Giving young people a voice in international politics and demonstrating what is important to them – this is the goal of the engagement of the two youth delegates Katharina Buch and Eric Klausch with the United Nations. The United Nations recommends that its member states include youth delegates in their delegations. Since 2005, two young people from Germany have attended the General Assembly in New York each year. On Tuesday (8 November), Katharina and Eric held a debriefing session at the Federal Foreign Office.
Impressions from New York
“We wanted to encourage the delegates to dream. We asked them the same question we had previously posed to hundreds of children and young people: When you think of the future, what do you see?” On Tuesday evening, the two youth delegates Katharina Buch and Eric Klausch reported on their experiences in October during the 71st General Assembly in New York. In preparation, the two delegates had conducted a tour of Germany during the spring and summer, in the course of which they talked to young people in the country and documented their views. At panel discussions with youth associations, schools and universities, they were able to find out what young people in Germany are passionate about as well as their opinions on various political topics.
Giving young people a voice
In October, armed with their impressions and ideas from their tour of Germany, they then set off for New York to represent the interests of the young people in their country. One of the ways they were able to do this was by giving a speech to the Third Committee of the General Assembly – an opportunity to address the international community and give young people a voice. The youth delegates are not bound to the Government’s stance and can freely express their own views. “Through our speech we wanted to show that, as the young generation, we want and are able to have a say. We call for our generations to come together to dream about the future and then to cooperate to make this dream a reality,” explained Eric, describing the gist of their speech.
A look behind the scenes
After their big moment in the UN General Assembly, there were numerous meetings with UN representatives and politicians on the agenda. “As well as the debates in the Third Committee, the general debate and the side events, we also attended so‑called informals,” the two young people reported. That gave them the opportunity to take a brief look behind the scenes. Content‑wise, “three dossiers were particularly interesting – “Violence against women and girls”, “Protecting children from bullying” and “Rights of the child””.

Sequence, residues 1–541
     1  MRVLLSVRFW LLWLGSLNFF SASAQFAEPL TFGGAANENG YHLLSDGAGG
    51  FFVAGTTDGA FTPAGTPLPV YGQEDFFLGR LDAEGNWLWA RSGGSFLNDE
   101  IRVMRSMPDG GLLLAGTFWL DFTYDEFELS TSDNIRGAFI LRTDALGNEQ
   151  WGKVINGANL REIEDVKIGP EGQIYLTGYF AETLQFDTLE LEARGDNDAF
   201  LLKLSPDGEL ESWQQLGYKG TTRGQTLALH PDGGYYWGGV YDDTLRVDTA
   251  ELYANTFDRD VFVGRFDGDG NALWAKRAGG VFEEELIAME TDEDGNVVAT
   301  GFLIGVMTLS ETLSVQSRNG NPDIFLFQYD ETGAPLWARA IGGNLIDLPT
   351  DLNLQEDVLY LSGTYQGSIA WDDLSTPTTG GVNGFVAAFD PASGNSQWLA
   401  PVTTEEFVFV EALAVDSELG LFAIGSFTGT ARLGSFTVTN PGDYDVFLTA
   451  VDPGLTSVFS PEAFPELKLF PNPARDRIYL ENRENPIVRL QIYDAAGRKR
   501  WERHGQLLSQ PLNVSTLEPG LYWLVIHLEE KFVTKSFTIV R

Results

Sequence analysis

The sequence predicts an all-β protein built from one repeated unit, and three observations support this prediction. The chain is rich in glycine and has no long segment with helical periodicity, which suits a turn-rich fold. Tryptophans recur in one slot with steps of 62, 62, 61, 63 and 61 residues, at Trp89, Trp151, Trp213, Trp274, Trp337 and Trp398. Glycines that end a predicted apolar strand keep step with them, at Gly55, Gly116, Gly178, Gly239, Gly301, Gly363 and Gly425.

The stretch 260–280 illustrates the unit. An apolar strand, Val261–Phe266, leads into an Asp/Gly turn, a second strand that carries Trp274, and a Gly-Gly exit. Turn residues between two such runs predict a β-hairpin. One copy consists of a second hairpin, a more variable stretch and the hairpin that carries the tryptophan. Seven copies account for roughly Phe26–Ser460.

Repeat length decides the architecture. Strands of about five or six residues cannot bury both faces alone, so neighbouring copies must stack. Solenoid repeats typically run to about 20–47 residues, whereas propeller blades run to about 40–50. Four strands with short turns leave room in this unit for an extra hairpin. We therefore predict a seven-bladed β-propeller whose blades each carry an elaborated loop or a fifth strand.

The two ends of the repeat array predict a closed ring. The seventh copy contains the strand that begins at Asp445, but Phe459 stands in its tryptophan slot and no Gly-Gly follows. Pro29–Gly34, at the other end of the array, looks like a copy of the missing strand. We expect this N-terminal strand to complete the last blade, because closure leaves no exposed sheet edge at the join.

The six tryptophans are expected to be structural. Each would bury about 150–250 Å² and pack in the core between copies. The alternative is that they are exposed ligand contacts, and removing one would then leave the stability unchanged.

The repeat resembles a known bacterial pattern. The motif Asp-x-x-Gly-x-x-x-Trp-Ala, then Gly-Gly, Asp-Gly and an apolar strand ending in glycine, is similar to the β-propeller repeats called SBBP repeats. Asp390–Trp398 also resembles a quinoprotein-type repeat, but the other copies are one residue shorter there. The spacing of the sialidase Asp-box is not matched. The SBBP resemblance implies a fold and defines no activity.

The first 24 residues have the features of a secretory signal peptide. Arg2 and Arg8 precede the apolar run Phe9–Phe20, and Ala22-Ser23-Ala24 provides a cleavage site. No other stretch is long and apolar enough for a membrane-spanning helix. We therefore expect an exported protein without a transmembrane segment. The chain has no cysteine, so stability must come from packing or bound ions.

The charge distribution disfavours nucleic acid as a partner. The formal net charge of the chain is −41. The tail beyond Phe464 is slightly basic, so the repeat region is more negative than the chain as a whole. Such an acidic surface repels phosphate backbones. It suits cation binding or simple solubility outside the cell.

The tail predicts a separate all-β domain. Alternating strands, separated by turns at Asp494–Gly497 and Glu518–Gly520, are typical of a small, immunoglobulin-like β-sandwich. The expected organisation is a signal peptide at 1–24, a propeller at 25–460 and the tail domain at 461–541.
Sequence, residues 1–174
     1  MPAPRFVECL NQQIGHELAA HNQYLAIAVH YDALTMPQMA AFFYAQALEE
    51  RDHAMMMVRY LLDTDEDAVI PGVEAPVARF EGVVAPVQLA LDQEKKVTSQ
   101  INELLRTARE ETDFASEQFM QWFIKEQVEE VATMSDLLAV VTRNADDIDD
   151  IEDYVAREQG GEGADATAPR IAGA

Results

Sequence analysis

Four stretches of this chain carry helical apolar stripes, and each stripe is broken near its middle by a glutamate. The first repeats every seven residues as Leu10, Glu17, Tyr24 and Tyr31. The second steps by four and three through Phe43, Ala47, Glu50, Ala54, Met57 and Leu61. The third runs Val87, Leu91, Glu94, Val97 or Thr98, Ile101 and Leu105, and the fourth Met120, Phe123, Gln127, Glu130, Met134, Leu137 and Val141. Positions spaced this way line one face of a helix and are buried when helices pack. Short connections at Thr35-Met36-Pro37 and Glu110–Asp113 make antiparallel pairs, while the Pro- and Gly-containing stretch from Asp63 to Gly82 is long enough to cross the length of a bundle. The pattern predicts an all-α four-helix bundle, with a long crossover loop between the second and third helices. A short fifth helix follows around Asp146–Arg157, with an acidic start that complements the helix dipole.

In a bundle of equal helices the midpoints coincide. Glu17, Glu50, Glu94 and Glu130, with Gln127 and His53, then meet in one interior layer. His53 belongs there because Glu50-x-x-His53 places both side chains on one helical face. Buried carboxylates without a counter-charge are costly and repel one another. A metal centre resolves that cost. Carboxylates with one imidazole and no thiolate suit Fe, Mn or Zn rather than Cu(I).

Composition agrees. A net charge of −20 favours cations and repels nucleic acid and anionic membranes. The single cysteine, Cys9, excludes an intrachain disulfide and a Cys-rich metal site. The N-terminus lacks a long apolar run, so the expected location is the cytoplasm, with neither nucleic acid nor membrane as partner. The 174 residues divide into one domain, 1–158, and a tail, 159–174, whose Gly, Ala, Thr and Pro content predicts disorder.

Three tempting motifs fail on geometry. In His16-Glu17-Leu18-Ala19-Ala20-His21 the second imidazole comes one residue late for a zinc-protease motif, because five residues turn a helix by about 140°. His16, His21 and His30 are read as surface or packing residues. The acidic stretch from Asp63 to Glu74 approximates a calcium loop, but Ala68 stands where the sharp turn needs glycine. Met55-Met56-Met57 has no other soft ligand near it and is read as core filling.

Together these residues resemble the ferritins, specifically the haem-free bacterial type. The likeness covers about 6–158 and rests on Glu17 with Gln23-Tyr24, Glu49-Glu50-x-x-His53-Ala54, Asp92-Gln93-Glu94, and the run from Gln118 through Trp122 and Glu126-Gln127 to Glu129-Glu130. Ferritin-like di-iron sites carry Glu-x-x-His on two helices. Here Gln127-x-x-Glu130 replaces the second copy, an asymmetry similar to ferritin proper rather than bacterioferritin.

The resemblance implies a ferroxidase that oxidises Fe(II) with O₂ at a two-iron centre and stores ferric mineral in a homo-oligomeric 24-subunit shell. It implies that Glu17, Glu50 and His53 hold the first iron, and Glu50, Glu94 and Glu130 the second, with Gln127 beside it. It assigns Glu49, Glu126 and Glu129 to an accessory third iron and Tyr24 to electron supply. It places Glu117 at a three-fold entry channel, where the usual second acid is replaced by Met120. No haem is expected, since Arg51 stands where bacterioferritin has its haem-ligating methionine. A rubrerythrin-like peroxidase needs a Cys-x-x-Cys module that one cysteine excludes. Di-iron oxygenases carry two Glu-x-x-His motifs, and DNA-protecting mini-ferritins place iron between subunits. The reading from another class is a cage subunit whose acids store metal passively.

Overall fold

To improve networking between the voluntary programme in different countries and raise its profile worldwide, Katharina and Eric organised an event entitled “Widening and deepening the UN Youth Delegate Programme” together with the youth delegates from Hungary and Belgium at the German House in New York. They showed no sign of getting fed up with politics: “There's no sign of that among the youth delegates. We got to know 62 dedicated and very competent young people from 35 countries, who are politically active and shoulder considerable responsibility”, Katharina summed up in response to the question of whether the youth of today was interested and engaged in political issues.
The project to send German youth delegates to the General Assembly is funded by the United Nations Association of Germany and the German National Committee for International Youth Work, and is also supported by the Federal Foreign Office and the Federal Ministry for Family Affairs, Senior Citizens, Women and Youth. In the United Nations, the General Assembly deals with youth issues in the Third Committee. At the beginning of the committee’s session, the youth delegates have the opportunity to address the committee to inform member states about the situation, needs and visions of young people in Germany.